This is our farm column from farmer Casey O’Neill. O’Neill is the owner operator of HappyDay Farms north of Laytonville, and a long time advocate for the cannabis community in Mendocino Co; more of his writing can be found here. The opinions expressed in this column are those of the writer. If you would like to submit a letter to the editor feel free to write to [email protected].
Feeling gratitude for sunshine and good health! After a long and hectic season we’re getting the farm put to bed, cleaning up the damage from the wild pigs and sowing cover crops. Today we’ll finish the fencing projects that we hope will prevent future porcine incursions; things are looking up.
I’ve been cutting t-posts into chunks with an angle grinder I borrowed from my uncle, and we’ve been using the mechanical pounder to drive the short posts into the gaps between the existing fence posts. After wiring the fence to the posts, we drive them down a few more inches to stake the fence tight to the ground. Big gratitude to retired County Supervisor John McCowen for the gift of a hundred or so t-posts that has made the difference for us in the project; without them we’d be having a hard time coming up with money to buy new ones.
Cleaning up the pig-damaged terraces at Pops’ has been hanging over me for weeks. I’ve been overwhelmed by the remnants of my beautiful fall crops, the jumbled irrigation and insect netting, the soil moved downhill and the eroded terrace banks. Though I had dreaded the work, it ended up not being as bad as I feared.
We untangled the irrigation and dug out the t-posts that held the insect netting down. I was glad to find that most of the netting was salvageable (it looked like total decimation at first), and after a couple hours of shoveling and raking the terraces are in decent shape. There is still going to be some spring work to rebuild, but for now it felt good to sow cover crops and put the garden to bed for the winter.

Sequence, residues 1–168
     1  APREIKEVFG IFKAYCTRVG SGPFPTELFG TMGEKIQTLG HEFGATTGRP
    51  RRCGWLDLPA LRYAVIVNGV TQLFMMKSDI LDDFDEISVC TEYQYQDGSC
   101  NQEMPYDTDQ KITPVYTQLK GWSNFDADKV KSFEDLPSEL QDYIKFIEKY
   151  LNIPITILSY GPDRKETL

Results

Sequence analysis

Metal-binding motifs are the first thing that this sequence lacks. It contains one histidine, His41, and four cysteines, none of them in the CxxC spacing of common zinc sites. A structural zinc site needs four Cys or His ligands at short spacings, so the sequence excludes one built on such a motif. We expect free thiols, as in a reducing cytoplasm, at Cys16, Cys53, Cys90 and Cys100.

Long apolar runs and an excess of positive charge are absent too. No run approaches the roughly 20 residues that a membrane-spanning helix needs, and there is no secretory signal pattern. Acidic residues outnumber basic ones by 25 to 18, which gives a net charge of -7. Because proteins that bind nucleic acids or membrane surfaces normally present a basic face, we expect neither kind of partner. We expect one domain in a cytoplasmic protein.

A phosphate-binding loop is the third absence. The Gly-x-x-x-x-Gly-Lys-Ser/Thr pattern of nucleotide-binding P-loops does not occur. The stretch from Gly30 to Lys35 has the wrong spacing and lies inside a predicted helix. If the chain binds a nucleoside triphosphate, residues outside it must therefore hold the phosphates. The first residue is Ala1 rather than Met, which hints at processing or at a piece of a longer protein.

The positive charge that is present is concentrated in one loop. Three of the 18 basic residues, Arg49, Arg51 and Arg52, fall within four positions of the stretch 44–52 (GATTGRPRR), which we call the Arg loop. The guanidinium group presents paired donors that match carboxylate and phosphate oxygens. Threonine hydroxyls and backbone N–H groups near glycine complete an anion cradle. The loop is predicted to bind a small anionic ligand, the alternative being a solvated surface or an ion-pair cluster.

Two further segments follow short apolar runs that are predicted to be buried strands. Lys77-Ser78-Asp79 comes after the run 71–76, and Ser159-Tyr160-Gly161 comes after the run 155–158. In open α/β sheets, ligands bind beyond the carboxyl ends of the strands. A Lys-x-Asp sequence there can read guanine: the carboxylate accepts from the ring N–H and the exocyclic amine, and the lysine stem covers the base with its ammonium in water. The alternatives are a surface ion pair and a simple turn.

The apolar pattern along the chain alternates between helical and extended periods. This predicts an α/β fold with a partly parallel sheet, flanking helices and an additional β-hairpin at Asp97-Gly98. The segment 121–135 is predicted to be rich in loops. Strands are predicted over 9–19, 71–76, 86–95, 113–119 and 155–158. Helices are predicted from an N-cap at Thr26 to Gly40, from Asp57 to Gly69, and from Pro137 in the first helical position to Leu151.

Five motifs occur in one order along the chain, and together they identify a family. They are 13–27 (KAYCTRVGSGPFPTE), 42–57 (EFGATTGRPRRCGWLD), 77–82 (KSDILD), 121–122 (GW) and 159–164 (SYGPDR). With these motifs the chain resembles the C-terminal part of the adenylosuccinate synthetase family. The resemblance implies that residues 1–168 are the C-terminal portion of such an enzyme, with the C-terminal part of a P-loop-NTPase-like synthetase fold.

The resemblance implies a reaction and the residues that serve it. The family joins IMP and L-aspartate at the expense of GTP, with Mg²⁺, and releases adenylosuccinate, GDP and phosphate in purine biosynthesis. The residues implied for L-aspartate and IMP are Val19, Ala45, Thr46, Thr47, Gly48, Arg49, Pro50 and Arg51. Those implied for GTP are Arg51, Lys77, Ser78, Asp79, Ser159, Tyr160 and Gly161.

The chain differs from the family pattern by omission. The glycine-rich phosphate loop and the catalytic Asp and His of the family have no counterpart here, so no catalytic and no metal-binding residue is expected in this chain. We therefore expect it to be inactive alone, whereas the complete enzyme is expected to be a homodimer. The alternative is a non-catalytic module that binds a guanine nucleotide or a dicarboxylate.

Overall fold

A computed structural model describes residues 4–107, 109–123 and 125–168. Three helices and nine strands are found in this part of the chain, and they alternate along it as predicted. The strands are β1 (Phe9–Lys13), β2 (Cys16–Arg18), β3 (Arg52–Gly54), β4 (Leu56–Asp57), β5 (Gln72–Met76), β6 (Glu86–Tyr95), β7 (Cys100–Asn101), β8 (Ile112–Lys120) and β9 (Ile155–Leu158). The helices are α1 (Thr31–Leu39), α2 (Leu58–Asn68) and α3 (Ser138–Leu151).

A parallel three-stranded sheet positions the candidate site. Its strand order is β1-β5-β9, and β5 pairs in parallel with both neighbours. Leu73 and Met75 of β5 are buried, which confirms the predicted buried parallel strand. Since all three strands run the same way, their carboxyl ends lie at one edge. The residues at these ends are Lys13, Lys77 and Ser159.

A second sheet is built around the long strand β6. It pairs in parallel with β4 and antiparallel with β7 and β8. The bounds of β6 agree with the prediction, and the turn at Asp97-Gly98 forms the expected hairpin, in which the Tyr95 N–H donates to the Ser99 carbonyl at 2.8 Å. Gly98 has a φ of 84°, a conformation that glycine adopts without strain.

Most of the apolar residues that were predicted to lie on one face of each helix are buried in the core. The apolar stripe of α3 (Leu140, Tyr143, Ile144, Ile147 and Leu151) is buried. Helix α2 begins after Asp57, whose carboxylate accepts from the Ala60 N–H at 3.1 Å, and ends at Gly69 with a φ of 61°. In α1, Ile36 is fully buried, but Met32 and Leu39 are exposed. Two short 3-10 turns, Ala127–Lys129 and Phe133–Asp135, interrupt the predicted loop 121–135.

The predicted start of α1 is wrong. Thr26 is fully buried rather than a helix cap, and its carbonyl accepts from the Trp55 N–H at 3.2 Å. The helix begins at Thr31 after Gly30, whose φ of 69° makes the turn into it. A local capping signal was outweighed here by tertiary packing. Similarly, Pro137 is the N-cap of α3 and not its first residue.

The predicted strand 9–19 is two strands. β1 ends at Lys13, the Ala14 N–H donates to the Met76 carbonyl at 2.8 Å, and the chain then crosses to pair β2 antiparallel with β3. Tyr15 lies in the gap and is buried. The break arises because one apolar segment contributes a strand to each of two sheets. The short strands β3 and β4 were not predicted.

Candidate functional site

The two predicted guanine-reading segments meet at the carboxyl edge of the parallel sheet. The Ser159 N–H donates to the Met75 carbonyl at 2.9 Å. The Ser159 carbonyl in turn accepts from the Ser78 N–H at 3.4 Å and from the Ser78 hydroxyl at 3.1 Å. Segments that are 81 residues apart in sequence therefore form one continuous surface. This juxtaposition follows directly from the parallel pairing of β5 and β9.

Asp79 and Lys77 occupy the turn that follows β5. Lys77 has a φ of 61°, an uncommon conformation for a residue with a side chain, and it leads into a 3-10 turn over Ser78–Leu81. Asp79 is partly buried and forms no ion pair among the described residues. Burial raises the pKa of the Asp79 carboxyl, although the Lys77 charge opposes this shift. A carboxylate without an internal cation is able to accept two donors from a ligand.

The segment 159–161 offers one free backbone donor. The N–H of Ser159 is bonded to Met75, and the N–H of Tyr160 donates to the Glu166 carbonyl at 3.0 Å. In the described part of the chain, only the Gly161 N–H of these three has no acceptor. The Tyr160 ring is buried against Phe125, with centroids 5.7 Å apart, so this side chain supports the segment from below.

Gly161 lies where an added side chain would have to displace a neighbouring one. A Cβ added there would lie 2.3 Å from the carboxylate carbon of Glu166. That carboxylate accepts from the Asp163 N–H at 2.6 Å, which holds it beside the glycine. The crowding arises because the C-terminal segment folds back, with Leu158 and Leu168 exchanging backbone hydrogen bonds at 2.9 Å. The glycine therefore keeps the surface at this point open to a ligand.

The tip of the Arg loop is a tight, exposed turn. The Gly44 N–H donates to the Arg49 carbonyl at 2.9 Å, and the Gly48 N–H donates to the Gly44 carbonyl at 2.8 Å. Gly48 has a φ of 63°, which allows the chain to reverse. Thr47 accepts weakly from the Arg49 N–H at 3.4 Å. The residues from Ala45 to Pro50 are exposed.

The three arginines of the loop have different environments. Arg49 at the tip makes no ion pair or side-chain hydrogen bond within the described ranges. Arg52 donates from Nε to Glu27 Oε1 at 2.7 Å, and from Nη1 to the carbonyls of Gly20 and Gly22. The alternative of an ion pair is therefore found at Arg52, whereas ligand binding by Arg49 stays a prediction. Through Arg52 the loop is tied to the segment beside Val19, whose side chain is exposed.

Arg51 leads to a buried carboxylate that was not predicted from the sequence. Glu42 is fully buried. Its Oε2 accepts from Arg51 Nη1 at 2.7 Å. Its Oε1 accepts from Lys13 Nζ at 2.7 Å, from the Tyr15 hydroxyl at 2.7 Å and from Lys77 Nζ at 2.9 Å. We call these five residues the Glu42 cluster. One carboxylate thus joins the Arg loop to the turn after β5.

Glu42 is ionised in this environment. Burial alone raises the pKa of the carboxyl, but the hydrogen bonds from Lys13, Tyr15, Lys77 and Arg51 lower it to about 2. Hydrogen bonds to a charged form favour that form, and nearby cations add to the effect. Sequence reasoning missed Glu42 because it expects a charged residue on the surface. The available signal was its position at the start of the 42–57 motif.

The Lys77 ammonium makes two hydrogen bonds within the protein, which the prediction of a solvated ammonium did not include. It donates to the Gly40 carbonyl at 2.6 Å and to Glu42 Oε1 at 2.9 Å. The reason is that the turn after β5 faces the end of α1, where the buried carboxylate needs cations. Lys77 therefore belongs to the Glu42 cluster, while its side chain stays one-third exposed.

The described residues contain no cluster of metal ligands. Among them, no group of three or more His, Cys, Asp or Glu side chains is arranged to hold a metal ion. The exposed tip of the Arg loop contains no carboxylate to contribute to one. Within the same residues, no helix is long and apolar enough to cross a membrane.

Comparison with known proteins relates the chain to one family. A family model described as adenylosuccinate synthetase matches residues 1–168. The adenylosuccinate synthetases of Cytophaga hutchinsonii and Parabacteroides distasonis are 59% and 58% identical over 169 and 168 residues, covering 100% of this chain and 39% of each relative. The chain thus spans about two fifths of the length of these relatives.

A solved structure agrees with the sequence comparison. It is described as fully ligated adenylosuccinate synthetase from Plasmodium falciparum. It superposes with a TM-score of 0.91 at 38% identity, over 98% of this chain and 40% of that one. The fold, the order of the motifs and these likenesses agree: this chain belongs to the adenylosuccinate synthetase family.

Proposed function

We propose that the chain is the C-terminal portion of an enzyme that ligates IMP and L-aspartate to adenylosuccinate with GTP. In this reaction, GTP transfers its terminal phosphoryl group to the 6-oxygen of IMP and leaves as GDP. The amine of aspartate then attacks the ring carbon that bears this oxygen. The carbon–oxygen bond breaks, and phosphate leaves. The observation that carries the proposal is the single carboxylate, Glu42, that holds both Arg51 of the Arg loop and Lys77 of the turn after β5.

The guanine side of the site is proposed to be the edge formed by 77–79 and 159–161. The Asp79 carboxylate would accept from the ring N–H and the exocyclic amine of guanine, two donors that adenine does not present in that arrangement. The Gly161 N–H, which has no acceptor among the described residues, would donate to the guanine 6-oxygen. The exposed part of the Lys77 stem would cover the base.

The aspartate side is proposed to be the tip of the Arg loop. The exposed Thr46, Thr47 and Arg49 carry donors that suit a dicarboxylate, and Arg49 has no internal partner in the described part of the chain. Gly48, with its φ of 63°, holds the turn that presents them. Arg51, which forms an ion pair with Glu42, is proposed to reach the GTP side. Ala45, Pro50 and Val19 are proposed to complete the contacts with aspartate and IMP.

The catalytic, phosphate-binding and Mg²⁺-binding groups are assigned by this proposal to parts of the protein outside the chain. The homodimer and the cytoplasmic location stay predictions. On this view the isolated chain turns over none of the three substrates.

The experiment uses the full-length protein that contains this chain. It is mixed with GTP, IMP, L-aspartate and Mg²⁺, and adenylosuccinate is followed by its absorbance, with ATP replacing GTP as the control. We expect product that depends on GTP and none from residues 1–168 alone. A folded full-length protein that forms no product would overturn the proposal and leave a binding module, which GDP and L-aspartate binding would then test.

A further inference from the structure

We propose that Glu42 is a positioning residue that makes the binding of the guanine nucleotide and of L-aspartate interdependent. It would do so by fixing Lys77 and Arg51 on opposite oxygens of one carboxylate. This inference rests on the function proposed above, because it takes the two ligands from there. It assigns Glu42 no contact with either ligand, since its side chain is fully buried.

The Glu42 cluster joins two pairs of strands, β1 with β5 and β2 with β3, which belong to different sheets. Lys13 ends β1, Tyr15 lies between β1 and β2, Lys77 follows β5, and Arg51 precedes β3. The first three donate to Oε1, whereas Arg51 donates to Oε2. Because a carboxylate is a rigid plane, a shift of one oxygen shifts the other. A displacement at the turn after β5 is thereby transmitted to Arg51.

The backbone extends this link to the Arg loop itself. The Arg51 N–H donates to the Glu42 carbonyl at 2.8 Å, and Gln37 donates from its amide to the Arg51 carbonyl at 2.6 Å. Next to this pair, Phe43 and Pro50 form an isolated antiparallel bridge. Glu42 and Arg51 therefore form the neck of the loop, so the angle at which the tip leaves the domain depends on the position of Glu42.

Coming off the finale of the cannabis year with the Emerald Cup Harvest Ball last weekend, I had high hopes for sunshine and a strong finish before the holidays. Last year I got so sick after the Cup that I was laid low through the rest of December, and I was afraid of a similar occurrence this year. I had a great time at the Harvest Ball getting to see everyone and share the fruits of our collective labors.
The event was much smaller this year, which was comforting because it wasn’t so intense and we had time to catch up with old friends. I was careful about my health, going to bed early and making sure to take my vitamins and eat well and hydrate during the event, and I came out of it feeling good and ready to knock out some projects.
We have two dominant methods of garden breakdown on the farm. The basic one is to remove crop detritus and sow cover crops to build soil, sop up leftover nutrients and prevent erosion. This method is for beds that will be planted later in the spring, and especially for newer beds that still need the soil-building support of a good cover crop.
For beds that have gotten choked with weeds, and/or that we want to put into production in late winter, we use a different methodology. I use the BCS with the flail mower to cut the plant residues down to ground level, we add a healthy layer of compost and then put down cardboard over the top. In some areas we also use a layer of old dep tarp to really make sure that no light makes it through so we can suppress some of the more durable weeds.
The soil life will break down the crop residues and the worms and other biota will love the compost layer. The worms also like to eat the cardboard, and the activity underneath is incredible to see when we get to the point of planting. For perennial beds we’ll pull the cardboard off into the pathway to serve as further weed suppression, letting the asparagus and flower crops get a running start without the competition of winter-grown weeds.
For some of the annual crop plantings, we’ll leave the cardboard on top, add more compost and punch through to plant spring brassica. These plants will grow large and will shade out weeds once they’ve reached full growth, but the weed suppression jumpstart makes a big difference. I have to watch out for gophers, but we trap with decent success and feel that it’s worth the trade-off for the benefits of the cardboard which include helping the beds to stay more moist when we get the extended warm, dry periods that have been so frequent in late winter and early spring these last few years..
It feels good to get some cleanup done and start to let go of some of the feelings of impotent rage that the pigs left me with. Even so, they are still damaging the ecosystem as a whole, and I have high hopes for more hunting and cooperation with folks who are interested in hunting. As we head into the holidays, I am glad for the reflections on the year gone by, and am looking forward to working some jigsaw puzzles, eating well and enjoying the company of family and friends. As always, much love and great success to you on your journey!